Soy has been touted as a health food for a long time now. A common argument you hear everywhere is that it must be healthy since Asians are slender and generally healthy, but is this true? How much soy and what preparation of soy do Asians consume most? Find out more in today’s article.Soy was first used as a food dating back to 1134 – 246 B.C., after the Chinese learned to ferment soybeans to make foods like tempeh, natto and tamari. But contrary to belief average soy food consumption in China is only about 2 teaspoons per day and in Japan, about 1-2 tablespoons. Asians consume soy in small amounts as a condiment, not as a replacement for animal protein. Most modern soy is not fermented and processed to neutralize the toxins contained in it, but rather increases the levels of carcinogens. Also, soy is not a complete protein, like all legumes, because it lacks sulphur-containing amino acids and the compound that resembles Vitamin B12 cannot be used by the human body.

This brings me to the fact that soy is claimed to be safe to give to infants. This is very far from the truth. Babies who are fed soy based formula have 13000 to 22000 times more estrogen compounds in their blood than babies fed milk based formula. This is the equivalent of at least 4 birth control pills per day. It  has significant impact on the development of boys and girls in different ways. Without going into the technicalities, let me just say that this effects boys’ testosterone levels at a critical time in their development, while girls’ early signs of puberty has been linked to soy formula and environmental estrogens, such as those found in PCBs and DDE.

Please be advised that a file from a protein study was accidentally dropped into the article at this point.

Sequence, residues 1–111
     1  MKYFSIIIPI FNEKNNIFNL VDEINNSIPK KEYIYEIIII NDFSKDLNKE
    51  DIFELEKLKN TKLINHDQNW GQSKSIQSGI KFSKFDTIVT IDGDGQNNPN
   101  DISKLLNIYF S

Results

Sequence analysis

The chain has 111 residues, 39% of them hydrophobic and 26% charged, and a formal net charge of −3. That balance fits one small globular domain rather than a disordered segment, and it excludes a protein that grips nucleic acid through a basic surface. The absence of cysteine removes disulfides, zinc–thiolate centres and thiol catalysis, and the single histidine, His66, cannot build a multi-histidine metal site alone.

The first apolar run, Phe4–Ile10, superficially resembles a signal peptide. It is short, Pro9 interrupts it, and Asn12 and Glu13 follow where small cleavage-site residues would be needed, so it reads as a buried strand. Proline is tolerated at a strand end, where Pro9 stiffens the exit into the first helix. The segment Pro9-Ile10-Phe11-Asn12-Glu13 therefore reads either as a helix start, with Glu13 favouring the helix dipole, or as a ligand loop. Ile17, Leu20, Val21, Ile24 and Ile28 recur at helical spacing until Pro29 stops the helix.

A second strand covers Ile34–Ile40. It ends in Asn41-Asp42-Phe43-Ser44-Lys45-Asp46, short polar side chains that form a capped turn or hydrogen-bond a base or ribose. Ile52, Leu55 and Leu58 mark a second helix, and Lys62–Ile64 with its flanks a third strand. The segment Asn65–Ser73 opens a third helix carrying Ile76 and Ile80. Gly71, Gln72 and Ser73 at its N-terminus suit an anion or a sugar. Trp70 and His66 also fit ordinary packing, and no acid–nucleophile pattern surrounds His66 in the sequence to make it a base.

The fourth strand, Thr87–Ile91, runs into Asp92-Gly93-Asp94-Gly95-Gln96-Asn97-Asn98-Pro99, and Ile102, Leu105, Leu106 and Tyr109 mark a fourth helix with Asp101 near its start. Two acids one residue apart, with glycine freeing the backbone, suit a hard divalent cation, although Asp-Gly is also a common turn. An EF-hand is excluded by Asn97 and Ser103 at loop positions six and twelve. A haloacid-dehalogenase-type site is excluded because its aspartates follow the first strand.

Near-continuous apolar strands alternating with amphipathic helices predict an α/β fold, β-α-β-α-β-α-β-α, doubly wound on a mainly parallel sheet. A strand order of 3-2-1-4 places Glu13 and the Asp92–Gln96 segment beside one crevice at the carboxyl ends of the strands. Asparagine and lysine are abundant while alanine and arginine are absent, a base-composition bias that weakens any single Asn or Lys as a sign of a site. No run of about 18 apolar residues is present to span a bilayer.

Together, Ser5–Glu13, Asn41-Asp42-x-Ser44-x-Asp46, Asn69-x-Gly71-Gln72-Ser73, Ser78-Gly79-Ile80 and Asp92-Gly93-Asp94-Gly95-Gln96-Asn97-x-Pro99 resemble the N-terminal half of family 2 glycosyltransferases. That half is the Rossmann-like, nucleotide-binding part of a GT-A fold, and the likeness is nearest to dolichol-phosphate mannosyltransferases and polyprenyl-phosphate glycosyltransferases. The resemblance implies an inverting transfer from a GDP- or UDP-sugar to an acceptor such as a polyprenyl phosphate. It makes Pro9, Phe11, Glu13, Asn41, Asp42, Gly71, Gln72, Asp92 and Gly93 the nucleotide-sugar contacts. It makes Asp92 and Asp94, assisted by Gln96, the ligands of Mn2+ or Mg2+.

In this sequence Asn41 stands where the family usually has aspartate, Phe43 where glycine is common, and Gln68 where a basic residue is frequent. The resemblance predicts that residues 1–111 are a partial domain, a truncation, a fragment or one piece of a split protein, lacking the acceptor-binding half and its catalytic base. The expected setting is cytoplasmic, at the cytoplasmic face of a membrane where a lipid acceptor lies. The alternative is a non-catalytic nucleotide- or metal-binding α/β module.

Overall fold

Since we know that soy effects the hormone levels in infants, it is then safe to assume that it also effects adults. Specifically estrogen levels.  To learn more about this important topic, please visit the following website .

Remember, October is Breast Cancer Awareness Month. Why not schedule a Thermogram to gain some valuable information about your breast health?!

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